Psychiatrists Share The Symptoms That Told Them A Patient Wasn't Doing Well
Nik Shuliahin on Unsplash

Therapy is a must for everyone in life. We need to make it accessible worldwide.

Why is mental health not considered not as important as physical health?

Maybe if everyone could afford to be in weekly care, we'd have a person looking over us who can call out the signs when we're falling apart.

And then maybe we'd all be a little happier and a little safer.

Redditor Downtown_Put8673wanted the mental health workers out there to please share with us signs to be looking for, they asked:

"Psychiatrists, what made you realize that the person was not doing well?"


The following contains material that can be triggering and not suitable for minors.

'flight to health'

"I can teach you guys about the 'flight to health' that happens after someone survives a suicide attempt. You’ll talk to them, and they have all these genuine plans to make their life better. They’re enthusiastic and ready to get out of the hospital to start their new life."

"They’re going to quit their horrible job, love their family more, etc etc. I am always incredibly worried for these patients because soon the depression slowly brings them down again. It’s hard because convincing these people that they still need a lot of help is difficult because they’re completely genuine." ~ UptownShenanigans

Let's Talk Sleep

"Serious answer: I've worked both inpatient and outpatient. It truly is rewarding to see your care plan help someone. First time I meet them, I go through a whole history, physical, and review of systems and symptoms (psych symptoms). I get people that genuinely start crying . Usually sleep pattern disturbance is a big indicator."

"Adhedonia is the hallmark sign of depression. It is a loss in pleasure in things that you use to enjoy. Like gardening or video games. There are suicide warning signs, such as giving personal belongings away. There are so many signs for different illnesses."

"Such as bipolar, I'll get a man who is spending his rent check or having risky and unsafe sex. It truly is interesting and rewarding. Very subjective." ~ TonyNevada1

I should’ve charged him...

"I knew my psychiatrist wasn’t doing well when he spent the whole 15 minutes pacing the room, complaining how his ideas were not taken seriously by the other doctors at the hospital unit he headed. It was pretty surreal and hilarious - I just let him vent because he seem to need it. I should’ve charged him." ~ peuxcequeveuxpax

Nice Lady

"When I told my therapist the events that led to my marriage, she kinda muttered under her breath 'dude…' So I stopped telling the story to acknowledge her reaction and she apologized. At which point I joked with her, 'aren’t you ethically required to not do that?' Funny thing was that was what made me realize I needed to change my approach, more than anything we discussed. Nice lady, she helped out a bunch." ~ Arsene3000

Too Happy

"Not a psychiatrist but my close friend is an LCSW. She always tells me that 'marked improvement in a short time without any root cause' is a huge red flag. For example, if a clinically depressed patient suddenly starts seeming incredibly happy for no reason, it's a sign that something is wrong." ~ MadameBurner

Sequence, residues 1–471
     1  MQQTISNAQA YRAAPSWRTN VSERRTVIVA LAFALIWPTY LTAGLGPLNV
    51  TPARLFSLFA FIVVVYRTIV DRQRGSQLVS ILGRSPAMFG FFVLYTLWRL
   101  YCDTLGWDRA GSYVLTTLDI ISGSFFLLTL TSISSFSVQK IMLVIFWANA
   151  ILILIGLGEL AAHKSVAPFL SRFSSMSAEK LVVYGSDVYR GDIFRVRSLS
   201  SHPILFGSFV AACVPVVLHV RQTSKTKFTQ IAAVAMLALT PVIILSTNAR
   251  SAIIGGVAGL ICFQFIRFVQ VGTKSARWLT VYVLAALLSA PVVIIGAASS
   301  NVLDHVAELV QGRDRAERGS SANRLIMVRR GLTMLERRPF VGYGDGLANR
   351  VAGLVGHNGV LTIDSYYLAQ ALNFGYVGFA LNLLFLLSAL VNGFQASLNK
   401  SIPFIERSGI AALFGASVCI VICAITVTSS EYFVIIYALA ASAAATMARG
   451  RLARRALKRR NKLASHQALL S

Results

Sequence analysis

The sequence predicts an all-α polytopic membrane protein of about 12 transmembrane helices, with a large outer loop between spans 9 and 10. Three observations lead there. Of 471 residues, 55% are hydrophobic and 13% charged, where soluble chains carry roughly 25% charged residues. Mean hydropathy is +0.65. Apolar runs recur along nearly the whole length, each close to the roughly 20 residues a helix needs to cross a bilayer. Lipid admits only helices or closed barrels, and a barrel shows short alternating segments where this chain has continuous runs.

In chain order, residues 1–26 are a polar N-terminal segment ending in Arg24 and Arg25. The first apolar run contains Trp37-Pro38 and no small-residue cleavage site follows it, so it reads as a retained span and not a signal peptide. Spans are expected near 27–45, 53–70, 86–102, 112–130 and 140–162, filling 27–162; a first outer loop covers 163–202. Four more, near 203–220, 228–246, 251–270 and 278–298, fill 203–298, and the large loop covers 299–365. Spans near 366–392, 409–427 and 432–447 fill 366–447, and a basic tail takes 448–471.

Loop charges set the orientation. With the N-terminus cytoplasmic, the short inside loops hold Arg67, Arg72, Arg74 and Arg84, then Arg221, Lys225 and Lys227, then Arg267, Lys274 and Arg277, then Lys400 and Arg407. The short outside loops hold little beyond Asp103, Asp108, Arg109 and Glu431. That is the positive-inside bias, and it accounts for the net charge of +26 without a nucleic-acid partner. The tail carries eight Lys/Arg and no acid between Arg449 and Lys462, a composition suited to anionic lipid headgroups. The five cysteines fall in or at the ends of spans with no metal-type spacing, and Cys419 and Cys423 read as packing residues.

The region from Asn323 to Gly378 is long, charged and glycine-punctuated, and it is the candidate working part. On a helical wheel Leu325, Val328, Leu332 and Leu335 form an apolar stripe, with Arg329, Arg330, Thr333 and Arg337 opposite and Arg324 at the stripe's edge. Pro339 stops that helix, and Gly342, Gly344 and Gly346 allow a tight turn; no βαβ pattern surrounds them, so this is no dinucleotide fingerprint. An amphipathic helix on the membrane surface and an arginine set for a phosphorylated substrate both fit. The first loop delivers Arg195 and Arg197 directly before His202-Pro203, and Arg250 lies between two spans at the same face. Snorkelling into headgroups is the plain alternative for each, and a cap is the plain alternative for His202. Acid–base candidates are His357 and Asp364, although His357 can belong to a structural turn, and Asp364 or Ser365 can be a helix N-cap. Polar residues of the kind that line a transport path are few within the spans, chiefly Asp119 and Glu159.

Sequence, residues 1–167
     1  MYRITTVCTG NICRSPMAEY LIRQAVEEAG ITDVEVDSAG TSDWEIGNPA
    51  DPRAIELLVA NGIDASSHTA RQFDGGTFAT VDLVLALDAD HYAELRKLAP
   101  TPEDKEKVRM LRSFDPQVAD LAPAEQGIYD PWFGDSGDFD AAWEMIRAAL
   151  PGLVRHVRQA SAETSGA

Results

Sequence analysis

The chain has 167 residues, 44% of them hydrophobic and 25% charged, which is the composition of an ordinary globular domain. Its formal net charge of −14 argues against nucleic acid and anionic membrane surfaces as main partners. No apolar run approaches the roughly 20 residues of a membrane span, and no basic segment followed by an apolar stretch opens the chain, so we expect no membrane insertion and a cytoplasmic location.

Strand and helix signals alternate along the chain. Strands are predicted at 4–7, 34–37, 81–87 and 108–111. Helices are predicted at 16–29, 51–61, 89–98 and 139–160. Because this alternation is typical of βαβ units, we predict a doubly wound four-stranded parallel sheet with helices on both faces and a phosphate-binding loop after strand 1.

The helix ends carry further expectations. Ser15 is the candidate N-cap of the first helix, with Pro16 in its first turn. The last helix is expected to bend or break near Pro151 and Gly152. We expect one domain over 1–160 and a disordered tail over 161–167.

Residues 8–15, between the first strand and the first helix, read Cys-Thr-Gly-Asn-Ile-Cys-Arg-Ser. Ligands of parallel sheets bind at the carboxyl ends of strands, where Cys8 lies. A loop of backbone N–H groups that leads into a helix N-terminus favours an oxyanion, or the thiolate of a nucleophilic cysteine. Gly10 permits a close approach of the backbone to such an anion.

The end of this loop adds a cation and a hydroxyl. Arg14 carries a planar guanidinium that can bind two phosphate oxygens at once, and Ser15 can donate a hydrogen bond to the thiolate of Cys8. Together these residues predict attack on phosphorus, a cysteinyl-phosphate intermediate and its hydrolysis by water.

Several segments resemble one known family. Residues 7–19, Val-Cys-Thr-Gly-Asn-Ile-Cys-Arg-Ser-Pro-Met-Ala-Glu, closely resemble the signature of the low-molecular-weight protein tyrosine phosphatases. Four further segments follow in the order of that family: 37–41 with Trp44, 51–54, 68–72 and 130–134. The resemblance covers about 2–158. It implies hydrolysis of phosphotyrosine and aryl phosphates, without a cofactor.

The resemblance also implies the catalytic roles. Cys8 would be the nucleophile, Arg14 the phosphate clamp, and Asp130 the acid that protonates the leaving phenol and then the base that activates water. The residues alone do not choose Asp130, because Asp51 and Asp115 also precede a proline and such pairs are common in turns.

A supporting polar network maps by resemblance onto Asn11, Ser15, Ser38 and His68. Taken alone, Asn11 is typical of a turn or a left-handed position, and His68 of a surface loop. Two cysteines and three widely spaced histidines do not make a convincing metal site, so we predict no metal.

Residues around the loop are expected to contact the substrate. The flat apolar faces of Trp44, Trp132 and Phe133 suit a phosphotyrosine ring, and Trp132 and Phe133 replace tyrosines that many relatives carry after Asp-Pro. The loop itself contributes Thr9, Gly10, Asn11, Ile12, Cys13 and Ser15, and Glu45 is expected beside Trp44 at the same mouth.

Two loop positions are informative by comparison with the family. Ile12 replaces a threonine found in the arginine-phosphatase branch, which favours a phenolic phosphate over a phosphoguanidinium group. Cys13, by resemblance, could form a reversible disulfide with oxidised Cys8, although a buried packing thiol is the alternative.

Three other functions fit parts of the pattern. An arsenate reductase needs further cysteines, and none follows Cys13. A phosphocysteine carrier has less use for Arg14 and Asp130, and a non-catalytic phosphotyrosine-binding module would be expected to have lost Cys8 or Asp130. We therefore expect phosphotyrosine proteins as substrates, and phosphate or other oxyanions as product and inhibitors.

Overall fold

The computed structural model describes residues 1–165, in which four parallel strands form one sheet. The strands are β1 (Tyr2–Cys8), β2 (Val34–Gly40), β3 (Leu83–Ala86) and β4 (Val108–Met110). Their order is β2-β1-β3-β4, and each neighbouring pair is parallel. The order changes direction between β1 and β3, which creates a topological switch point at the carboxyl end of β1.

We're all falling apart. Don't think you're alone.

Speak Up

"Psych nurse here. I had a friend who was never happy, she was in ok moods, could laugh and all that, but she rarely voiced positive emotions. Had a history of past suicide attempts, so she was a friend we always checked on and kept her close with us The week before her suicide, she became extremely happy and giddy, she behaved like she had never done before, before her life got ruined thanks to some events i won't discuss."

"I saw this and voiced my concerns, I knew it was a sign that a suicide attempt was coming. This behaviour is typical on patients who are planning to end it (in most cases). This time we dint get to her in time. We miss her dearly. I married someone with BPD and I know the signs when she isn't well, but thankfully i can act before stuff happens and she has not attempted on her life or harmed herself in 2 years." ~ thatdudefromPR

I'm not haunted...

"After seeing my psych for almost a year, finding out that no, I'm not haunted, it's just the PTSD and anxiety, and a bunch of other revelations, I had an appointment where I told her that for the last month I'd been happier than ever. I was walking on sunshine and for the first time in 15 years I'd gone a week without any suicidal thoughts, food issues, self harm urges, or anxiety attacks."

"At this, she urged me to immediately set up talk therapy and schedule all my appointments ahead while I had energy. She saw that uptick as the red flag it was, but I didn't listen to her. Now 8 months later I've called her one time, barely shower or eat, and I'm back at my worst mentally. (It's fine though I'm used to it)." ~ ImprovSalesmansWitch

Things to Notice

"I'm a psychotherapist not a psychiatrist. I notice a client getting worse if their sleep or eating habits change, anhedonia, trouble with concentration/focus when there wasn't an issue before, or they start to socially withdraw. Huge red flags if they start to give away personal items and all of a sudden feel 'happy.' It takes a while to get severely depressed, etc and it'll take a while to feel better. These huge red flags indicate suicidal thoughts and possible planning." ~ psychness

Not Doing Well...

"As a mainly inpatient psychiatrist, I already know before I see them that they aren’t doing well just by nature of them being admitted. When I see folks in the ER and am determining if they need admission in the first place, it depends. Not doing well because they are manic looks much different than not doing well because they are depressed vs not doing well because they’re psychotic, etc." ~ housetowilson